Daewoo Matiz Review and Specs

Daewoo Matiz Review

Pros

  • Good city car
  • Cheap and reliable
  • Excellent for urban commuting

Cons

  • Lesser comforts
  • Noise and harshness levels
  • Small size
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Overview, Look, and Feel of the Daewoo Matiz

A car that speaks volumes about its small size, the Daewoo Matiz is one of the most urban-compatible cars. Also branded as the Chevrolet Spark (after Daewoo’s takeover by General Motors), the Daewoo Matiz is produced by South Korean automobile conglomerate GM Korea. Manufactured since 1998, the car initially met criticism due its small size, but with increasing traffic snarls and congestion, this car became a saviour. Matiz is acclaimed for being a good value for the money, because it reduces costs of motoring and maintenance, while serving well in cities.

Designed by Italdesign Giugiaro, Daewoo introduced its second-generation model in 2005 and a third-generation model in 2010. This five-door hatchback was initially sold by the code name of M100, subsequently receiving other code names, M200 and M300. Daewoo Matiz’s exterior design is inspired from Lucciola, the Fiat Cinquecento design that had been rejected by the American automobile company, Fiat. Its 0.8L fuel engine and the transmission are same as that of Daewoo Tico.

Matiz’s handling is adequate for urban dwellers, but you shouldn’t expect too much if you intend to attack corners too enthusiastically or travel at higher speeds. It is true that Matiz has shortcomings when it comes to comfort and noise, especially when the engine is worked too hard, but it is suitable for budget-conscious buyers because of its strong features, average handling, and better suitability. Moreover, it has received facelifts time and again to ensure that the car can match up to its competitors at different levels.

All Matiz versions have a bright and airy cabin. Available in bright colours, such as yellow and green, the car manages to look quite vibrant on the road. Even though power assistance for steering can make parking a chore, it is still preferred because steering is quite satisfactory when the car is moving along the road. Reasonably packed in terms of space, practicality, and rear legroom, this car seems efficient for urban commuting. For 4 years since its launch in 1998, Matiz enjoyed the position of being a best-selling car from Daewoo, as it was a good value for families and city locales. Even after a decade, it enjoys a reputable stand with buyers and maintains an incredibly reliable stance when it comes to cost-friendliness and fuel-efficiency.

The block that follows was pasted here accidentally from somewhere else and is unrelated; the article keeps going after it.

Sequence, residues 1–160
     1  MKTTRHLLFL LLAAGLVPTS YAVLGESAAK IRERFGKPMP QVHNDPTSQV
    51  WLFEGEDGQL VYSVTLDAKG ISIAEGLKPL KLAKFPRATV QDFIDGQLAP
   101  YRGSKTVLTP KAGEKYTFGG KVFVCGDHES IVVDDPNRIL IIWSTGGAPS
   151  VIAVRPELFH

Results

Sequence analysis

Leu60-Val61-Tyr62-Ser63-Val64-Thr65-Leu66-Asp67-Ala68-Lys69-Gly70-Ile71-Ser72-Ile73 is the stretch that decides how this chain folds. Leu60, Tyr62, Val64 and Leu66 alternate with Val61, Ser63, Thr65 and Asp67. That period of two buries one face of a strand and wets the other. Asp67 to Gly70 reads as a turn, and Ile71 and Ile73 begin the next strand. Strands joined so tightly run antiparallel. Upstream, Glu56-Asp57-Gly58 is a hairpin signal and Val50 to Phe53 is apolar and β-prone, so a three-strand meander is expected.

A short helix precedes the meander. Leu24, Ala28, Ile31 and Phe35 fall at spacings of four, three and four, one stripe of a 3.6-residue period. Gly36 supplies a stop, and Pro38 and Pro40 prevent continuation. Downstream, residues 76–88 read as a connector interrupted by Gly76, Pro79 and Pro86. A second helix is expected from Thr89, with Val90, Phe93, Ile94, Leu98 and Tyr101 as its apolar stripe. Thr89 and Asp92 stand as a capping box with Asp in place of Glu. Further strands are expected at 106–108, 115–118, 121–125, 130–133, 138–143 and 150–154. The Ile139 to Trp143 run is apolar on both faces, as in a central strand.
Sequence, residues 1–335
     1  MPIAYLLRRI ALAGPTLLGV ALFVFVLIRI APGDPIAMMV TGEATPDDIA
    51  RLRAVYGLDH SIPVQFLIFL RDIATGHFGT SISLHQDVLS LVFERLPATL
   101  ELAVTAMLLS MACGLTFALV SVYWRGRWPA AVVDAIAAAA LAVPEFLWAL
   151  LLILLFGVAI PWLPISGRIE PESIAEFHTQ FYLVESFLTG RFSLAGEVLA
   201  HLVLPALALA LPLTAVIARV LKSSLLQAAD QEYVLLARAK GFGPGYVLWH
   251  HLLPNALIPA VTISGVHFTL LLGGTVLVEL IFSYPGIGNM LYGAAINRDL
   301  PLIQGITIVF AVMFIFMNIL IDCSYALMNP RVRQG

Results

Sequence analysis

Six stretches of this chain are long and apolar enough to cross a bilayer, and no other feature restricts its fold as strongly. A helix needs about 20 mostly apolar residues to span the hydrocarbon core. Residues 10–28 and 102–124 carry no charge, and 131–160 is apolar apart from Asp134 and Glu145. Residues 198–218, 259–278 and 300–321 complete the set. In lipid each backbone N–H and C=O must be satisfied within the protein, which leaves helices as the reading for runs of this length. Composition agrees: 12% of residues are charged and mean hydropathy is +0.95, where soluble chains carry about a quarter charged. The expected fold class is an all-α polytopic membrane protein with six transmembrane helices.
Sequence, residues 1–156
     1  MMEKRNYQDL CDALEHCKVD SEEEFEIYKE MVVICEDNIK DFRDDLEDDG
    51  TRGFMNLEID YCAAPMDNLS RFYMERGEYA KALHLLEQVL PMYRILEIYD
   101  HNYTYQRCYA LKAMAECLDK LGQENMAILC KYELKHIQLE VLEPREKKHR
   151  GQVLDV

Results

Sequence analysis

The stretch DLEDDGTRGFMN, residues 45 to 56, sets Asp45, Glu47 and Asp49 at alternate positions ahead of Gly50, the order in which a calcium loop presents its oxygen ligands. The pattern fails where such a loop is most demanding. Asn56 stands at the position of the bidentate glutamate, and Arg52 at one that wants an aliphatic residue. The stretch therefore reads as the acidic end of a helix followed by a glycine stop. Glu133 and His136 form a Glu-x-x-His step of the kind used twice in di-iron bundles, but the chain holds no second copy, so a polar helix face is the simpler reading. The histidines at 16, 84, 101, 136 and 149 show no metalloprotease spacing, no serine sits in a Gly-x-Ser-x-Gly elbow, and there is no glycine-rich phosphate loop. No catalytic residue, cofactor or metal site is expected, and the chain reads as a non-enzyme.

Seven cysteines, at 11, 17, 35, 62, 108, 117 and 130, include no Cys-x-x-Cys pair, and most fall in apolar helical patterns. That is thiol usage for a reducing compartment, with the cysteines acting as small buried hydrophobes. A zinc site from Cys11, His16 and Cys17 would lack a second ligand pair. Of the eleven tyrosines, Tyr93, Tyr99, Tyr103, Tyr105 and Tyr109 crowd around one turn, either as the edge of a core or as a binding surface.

Daewoo Matiz Engine Specs and Performance

The original straight-3 engine of the Matiz was designed by Tickford, a UK-based company. The basic M100 and subsequent generations of Matiz were considered to have exceeded design norms with their airbags. The newer code M150, launched in 2000, received a facelift and came with 4-cylinder engine and a changed front-end structure. The 1.0L S-Tec unit was introduced only after 2002, when General Motors took over Daewoo.

Under the bonnet, the original 3-cylinder, 796cc engine provided 37.5kW of power and was relatively lightweight at 776kg. The second-generation Matiz, the M200 and M300, received several up-gradations, including 800c engine and a reduction in the car’s drag coefficient, which consequently led to better fuel economy. The third-generation Matiz was manufactured from 2010 onwards, with several changes, like a three-door hatchback and LED twin taillights. In some markets, this generation Matiz was marketed as a Chevrolet Spark. Daewoo Matiz is supplied with adequate braking abilities with tests indicating that front disc/rear drum brakes work well with normal stopping requirements, but the emergency brakes may lock the wheels and their prolonged usage may result in fading of brakes. Similarly, the steering, which might not be the best when it comes to parking, is otherwise good.

Standard Equipment and Options for the Daewoo Matiz

Daewoo Matiz is a robust car with a tall upright body and five doors. It is reasonably packed with kit, including air-con, power front windows, central locking, a CD player, a remote release for the fuel flap, a rear hatch, split fold rear seat, wiper and washer, and dual front airbags. Drivers will need to adjust to the left-mounted indicator levels and operational noise when engines are overworked. Fuel consumption is average; don’t expect it to work miracles at higher speeds, especially in a strong crosswind. The car has some minor issues like steering rotation, noise, and harshness levels, but most of them have been dealt with in subsequent versions.

Daewoo Matiz is a practical option for first-time buyers who want a reasonably priced vehicle and aim to use it for urban commuting on a regular basis. Its low price make it appealing, and recent modifications ensure better comfort levels than before.

Daewoo Matiz's Competition

When it was launched in 1998, Daewoo Matiz was unique in terms of city cars with little competition from automobile giants. In 2005, Toyota Yaris became a tough competitor to Matiz though, with a 4-cylinder, 1299cc capacity engine and a simple strut suspension. Like Matiz, it also offers honest performance and generous equipment. It is definitely quieter than earlier versions of Daewoo Matiz, although costlier than the reasonably priced Matiz. Both cars are fuel-efficient, but it must be noted that the space-saver spare is quite disappointing in the Yaris. The Matiz is definitely better than Holden’s hatchbacks as well as the Hyundai Getz, making it a preferable option for new buyers and urban commuters.

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